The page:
# print(touch_pads[i].raw_value)
        # time.sleep(.5)

        if touch_pads[i].value:
            # print("Touched %s" % i)  # uncomment for debugging
            cpx.pixels.fill(RED)
            cpx.play_tone(660, 0.7)
            cpx.pixels.fill(COLORS[i])

Code Breakdown

Libraries

Here's what's going on in the code. First, we import the board, touchio, and adafruit_circuitplayground.express libraries. These give us the commands we need to address the board and it's capacitive touch pads, as well as the NeoPixels by using the cpx commands.

(Note that the time library import is commented out, you will uncomment this if later you decide to check your raw touch values, which is covered later.)

Download: file
import board
import touchio
from adafruit_circuitplayground.express import cpx
# import time  # uncomment if testing raw read values

Lists and Touchpads

Next, we'll create a list of the board's cap touch pins and initialize them as touchio touch pads. And, we'll set the touch threshold to 3500. This can be tuned later.

Download: file
cap_pins = (board.A1, board.A2, board.A3, board.A4, board.A5,
            board.A6, board.A7)

touch_pads = []

for i in range(7):
    touch_pads.append(touchio.TouchIn(cap_pins[i]))

for touch_pad in touch_pads:
    touch_pad.threshold = 3500 

Color Lists

We'll create a set of variables for different colors and their values. Then, we'll create a list of those colors called ... COLORS. This way we can associate an index number for each touch pad to a color in the list.

Download: file
MAGENTA = (10,  0, 10)
VIOLET =  ( 5,  0, 15)
BLUE =    ( 0,  0, 20)
CYAN =    ( 0, 10, 10)
GREEN =   ( 0, 20,  0)
YELLOW =  (10, 10,  0)
ORANGE =  (15,  5,  0)
RED =     (20,  0,  0)
WHITE =   ( 3,  3,  3)

COLORS = [MAGENTA, VIOLET, BLUE, CYAN, GREEN, YELLOW, ORANGE, RED, WHITE]

NeoPixel Fill

We'll then fill all of the on-board NeoPixels white with this command:

cpx.pixels.fill(WHITE)

The Loop

Now that everything is set up, we have the main loop of the program. What happens here is that we'll iterate through each of the seven pads, checking to see if their value is above the threshold. If it is, we fill the NeoPixels red, play a buzzer sound, and then fill the pixels to the color associated with that pad.

Download: file
while True:

    for i in range(7):

        # uncomment this block to check the raw touch pad values
        # print("raw %s value for pad " % i)
        # print(touch_pads[i].raw_value)
        # time.sleep(.5)

        if touch_pads[i].value:
            print("Touched %s" % i)
            cpx.pixels.fill(RED)
            cpx.play_tone(660, 0.7)
            cpx.pixels.fill(COLORS[i])

Threshold Tuning

Note the section in the code above that is commented out. If you uncomment it by removing the leading pound symbols (#) you can watch the raw touch values being printed in the Mu REPL or other serial terminal connected to your Circuit Playground Express. Watch for the typical values when not being touched and then the values when they are touched.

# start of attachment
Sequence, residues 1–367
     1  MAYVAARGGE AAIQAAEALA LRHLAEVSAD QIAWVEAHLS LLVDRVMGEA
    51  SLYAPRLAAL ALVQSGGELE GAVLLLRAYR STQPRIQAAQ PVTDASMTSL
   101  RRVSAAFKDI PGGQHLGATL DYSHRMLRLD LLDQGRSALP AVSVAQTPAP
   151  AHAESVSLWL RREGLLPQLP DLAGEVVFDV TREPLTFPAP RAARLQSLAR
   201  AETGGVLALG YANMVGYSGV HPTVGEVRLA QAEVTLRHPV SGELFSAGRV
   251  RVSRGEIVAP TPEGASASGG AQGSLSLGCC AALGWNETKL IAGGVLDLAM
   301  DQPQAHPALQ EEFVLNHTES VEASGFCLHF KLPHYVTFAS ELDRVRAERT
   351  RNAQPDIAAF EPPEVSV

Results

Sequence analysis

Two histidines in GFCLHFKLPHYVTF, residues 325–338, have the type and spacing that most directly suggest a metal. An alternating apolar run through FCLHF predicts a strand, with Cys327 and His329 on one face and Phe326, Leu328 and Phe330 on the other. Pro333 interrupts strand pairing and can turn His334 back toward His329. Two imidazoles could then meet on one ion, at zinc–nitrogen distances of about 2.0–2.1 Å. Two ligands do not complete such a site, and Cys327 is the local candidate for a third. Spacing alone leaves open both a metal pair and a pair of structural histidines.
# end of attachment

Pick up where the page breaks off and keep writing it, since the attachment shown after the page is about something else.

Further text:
If, say, the pads typically read around 2000 but then shoot up to 4000 when you touch them with your tweezers, you could set the threshold to 3500.

With the code uploaded to the board, you're ready to play!

Code with MakeCode

If you'd prefer to code the Adabot Operation Game with MakeCode, this is the page for you!

Getting Started with MakeCode

If you're new to MakeCode, head to this guide to get started. Once you're able to upload MakeCode to your Circuit Playground Express, return here.

Operation MakeCode

The key feature of Operation is that the lights and buzzers alarm whenever your tweezers touch the edge of a hole. We've connected the copper tape at each hole to a capacitive touch pad on the Circuit Playground Express -- now we want to code the board in MakeCode to react.

On Start

First, we set all the pixels to white, with the set all pixels block from the NEOPIXEL category.

Then set the capacitive touch threshold on all pins to 1000 with the button pin A1 set threshold 200 block found in the INPUT category.  You can adjust this value as needed in case your tweezers aren't causing the copper tape and alligator jumper wire antennae to trigger!

Per Pin Block

The rest of the code is very simple! We're going to create an on button A click block from the INPUT category and then change it to on pin A1 down. This is how you can test a pad for a capacitive touch event.

Inside this block we'll set the pixels red when the pad has triggered, and then play a tone. Finally, we'll change the pixels to a unique color, in this case, magenta.

Simply duplicate this block six times, changing each one to use a different pad from A2-A7, and adjusting the colors. That's all there is to it!

Click this button to open the live MakeCode session in your browser.

Operate!

To play the game, plug in the battery pack and then turn it on. Load the pieces into their holes. Then, with a steady hand, try removing each piece using the tweezers! If you touch the sides and the buzzer goes off, your turn ends! See who can collect the most pieces.

If your copper tape starts to oxidize and turn color, it may not pick up the tweezers touching the openings as it once did. You can take some very fine sandpaper or a fine nail file/buffer and gently rub the copper to get it shiny and conductive again.
This guide was first published on Aug 17, 2018. It was last updated on Aug 17, 2018.